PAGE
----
Grêmio Wins Copa Libertadores, Sparking Massive Celebrations Back Home In Brazil

Grêmio scored two fantastic goals on the break to beat Lanús 3-1 on aggregate.

Grêmio claimed its third Copa Libertadores title with a 2-1 victory (3-1 aggregate) over Lanús on Wednesday. The Gremio Copa Libertadores victory sparked a wild celebration back home as the Brazilian club rounded out the field for the FIFA Club World Cup, which begins next week.

Fernandinho and Luan both scored in the first half for Grêmio, which held on despite a red card to Ramiro in the 83rd minute. 

Gremio Copa Libertadores

Fans celebrate the Gremio Copa Libertadores victory in Porto Alegre. Photo: @TheSunFootball | Twitter

Grêmio, which won the first leg 1-0 last week at home, twice hit Lanús on the break as the home side pushed for a goal. Grêmio previously won the 1983 and 1995 Copa Libertadores titles and current coach Renato Potaluppi was a member of the 1983 squad. Grêmio is the first Brazilian club to win the tournament since Corinthians in 2012. 

Fernandinho put Grêmio up 2-0 on aggregate in the 27th minute when he stole the ball near midfield and dribbled into the Lanús box and fired past goalie Esteban Andrada.

Luan effectively put the match out of reach with a fantastic solo effort, dribbling around three defenders before chipping the goalkeeper three minutes before halftime.

Lanús scored a consolation goal when Jose Sand slotted home a penalty kick after Jailson took down Lautaro Acosta in the box, denying Acosta a probable goal. But it wasn’t enough to pull the Argentine side back into the match.

Fans went crazy back in Brazil for the Gremio Copa Libertadores victory. A parade in Porto Alegre saw thousands of fans show up for the club’s first Copa Libertadores title in 22 years. 

The huge celebrations weren’t too much of a surprise given the way fans sent off the team bus on Monday.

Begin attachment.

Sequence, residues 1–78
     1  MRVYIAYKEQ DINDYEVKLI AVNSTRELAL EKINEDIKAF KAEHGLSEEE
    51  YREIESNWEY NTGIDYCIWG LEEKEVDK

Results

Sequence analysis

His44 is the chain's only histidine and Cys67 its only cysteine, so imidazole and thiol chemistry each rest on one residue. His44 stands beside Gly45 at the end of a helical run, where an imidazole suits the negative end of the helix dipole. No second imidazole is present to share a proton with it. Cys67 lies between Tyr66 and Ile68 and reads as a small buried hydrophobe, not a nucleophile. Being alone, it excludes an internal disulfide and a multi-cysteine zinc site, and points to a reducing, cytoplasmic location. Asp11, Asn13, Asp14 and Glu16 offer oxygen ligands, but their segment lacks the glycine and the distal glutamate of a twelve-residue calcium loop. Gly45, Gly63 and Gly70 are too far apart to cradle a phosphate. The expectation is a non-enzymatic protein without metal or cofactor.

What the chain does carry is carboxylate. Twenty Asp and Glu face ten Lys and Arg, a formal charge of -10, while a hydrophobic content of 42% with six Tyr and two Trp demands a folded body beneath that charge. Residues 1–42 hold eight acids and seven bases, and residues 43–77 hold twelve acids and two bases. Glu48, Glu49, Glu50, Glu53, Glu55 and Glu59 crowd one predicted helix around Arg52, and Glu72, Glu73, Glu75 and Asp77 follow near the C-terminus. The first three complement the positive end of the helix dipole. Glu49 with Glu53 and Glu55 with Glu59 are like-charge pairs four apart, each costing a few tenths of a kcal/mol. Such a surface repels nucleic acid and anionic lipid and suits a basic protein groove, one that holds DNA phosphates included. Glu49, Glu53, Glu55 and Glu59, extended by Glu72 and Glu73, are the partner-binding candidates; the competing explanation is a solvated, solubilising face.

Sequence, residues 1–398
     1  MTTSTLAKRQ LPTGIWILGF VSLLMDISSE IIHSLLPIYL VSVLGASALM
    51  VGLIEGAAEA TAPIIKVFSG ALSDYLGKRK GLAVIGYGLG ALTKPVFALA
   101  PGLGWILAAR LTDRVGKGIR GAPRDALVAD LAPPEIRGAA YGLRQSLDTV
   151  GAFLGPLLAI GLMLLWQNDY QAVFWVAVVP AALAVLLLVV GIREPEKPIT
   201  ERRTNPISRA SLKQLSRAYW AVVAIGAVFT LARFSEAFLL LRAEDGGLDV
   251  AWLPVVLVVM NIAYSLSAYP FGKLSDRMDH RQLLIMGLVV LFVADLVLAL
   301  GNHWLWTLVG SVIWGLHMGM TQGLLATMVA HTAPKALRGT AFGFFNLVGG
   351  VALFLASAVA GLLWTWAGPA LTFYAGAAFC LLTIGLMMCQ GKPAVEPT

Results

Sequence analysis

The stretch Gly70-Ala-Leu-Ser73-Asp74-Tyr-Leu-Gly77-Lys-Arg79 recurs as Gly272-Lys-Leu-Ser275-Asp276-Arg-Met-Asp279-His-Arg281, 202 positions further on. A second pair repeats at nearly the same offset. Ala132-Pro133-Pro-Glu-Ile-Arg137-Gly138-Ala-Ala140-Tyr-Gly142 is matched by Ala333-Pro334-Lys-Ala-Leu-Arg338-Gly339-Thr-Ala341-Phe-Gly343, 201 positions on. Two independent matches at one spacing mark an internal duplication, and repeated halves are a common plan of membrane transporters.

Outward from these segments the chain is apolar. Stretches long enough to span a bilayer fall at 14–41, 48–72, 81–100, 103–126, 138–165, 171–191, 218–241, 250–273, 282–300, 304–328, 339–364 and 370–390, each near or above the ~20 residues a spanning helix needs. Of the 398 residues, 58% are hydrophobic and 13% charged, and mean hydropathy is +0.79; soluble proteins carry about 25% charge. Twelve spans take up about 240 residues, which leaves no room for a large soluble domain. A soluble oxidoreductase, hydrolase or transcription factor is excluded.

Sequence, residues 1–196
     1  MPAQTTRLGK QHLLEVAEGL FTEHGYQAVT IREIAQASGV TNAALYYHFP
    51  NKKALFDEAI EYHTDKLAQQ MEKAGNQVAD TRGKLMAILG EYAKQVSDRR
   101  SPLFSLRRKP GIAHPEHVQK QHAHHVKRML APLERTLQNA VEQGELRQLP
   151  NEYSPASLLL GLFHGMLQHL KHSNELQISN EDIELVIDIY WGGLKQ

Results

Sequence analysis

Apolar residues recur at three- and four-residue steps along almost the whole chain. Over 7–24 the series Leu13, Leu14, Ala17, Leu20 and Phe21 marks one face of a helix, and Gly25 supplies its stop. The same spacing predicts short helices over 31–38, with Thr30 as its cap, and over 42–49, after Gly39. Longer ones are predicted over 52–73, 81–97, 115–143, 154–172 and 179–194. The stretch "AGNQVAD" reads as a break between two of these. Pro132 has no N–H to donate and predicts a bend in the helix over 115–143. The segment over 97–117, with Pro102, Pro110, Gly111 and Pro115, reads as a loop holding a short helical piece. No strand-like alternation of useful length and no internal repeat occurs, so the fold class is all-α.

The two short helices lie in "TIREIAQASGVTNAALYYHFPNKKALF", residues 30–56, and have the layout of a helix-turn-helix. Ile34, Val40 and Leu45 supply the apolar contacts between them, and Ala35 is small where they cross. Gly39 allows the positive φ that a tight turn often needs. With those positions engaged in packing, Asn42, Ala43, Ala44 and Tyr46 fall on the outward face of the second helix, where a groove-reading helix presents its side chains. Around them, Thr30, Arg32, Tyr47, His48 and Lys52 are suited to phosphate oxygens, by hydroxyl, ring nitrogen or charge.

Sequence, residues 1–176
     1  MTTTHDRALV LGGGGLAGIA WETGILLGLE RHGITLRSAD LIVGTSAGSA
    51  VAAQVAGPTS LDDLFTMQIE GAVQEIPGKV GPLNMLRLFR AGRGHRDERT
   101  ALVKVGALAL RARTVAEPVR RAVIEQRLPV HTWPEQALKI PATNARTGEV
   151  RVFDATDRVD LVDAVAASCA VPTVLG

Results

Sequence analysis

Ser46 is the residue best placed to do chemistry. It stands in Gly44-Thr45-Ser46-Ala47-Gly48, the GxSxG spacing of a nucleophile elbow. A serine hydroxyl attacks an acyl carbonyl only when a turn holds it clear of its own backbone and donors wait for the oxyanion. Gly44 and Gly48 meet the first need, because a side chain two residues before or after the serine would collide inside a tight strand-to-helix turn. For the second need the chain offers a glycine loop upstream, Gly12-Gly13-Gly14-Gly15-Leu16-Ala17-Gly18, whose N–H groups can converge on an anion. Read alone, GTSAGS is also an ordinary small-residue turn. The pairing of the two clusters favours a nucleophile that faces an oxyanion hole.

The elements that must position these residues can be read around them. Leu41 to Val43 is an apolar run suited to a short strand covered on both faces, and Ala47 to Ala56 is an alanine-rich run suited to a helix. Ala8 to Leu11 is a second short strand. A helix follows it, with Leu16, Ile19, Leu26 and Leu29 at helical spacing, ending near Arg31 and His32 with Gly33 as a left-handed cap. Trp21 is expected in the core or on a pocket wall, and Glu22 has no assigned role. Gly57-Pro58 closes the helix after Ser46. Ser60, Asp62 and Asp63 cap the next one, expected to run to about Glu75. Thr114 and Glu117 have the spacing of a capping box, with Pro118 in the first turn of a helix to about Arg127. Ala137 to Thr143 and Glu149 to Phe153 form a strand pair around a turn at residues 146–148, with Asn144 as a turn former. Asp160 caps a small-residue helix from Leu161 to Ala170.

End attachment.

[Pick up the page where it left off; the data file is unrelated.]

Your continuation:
The Gremio Copa Libertadores victory will qualify the Brazilian club for the FIFA Club World Cup and could help them reach the Super Club World Cup, should it become a thing in 2021.

The FIFA Club World Cup will begin on Dec. 6 with a play-in match between Auckland City Football Club from Oceania and Al Jazira Club. Al Jazira qualified as the champion of the Pro-League in UAE, which is hosting the tournament. 

Pachuca from Mexico, which won the CONCACAF Champions League, will play Wydad Casablanca of Morocco, which won the CAF Champions League, on Dec. 9, with the winner facing Grêmio in the semifinals on Dec. 12. On the other side of the bracket, Urawa Red Diamonds of Japan, which won the AFC Champions League, will play the winner of Al Jazira and Auckland City, also on Dec. 9. The winner of that match gets to lose to Real Madrid on Dec. 13. 

The final and third-place matches will be played on Dec. 16 in Abu Dhabi. 

European clubs have won the last four Club World Cups, including three winners from Spain (Real Madrid twice, Barcelona once). No club outside of Europe and South America has won a Club World Cup, although South Americans have won the competition once since 2007 (Corinthians over Chelsea in 2012). 

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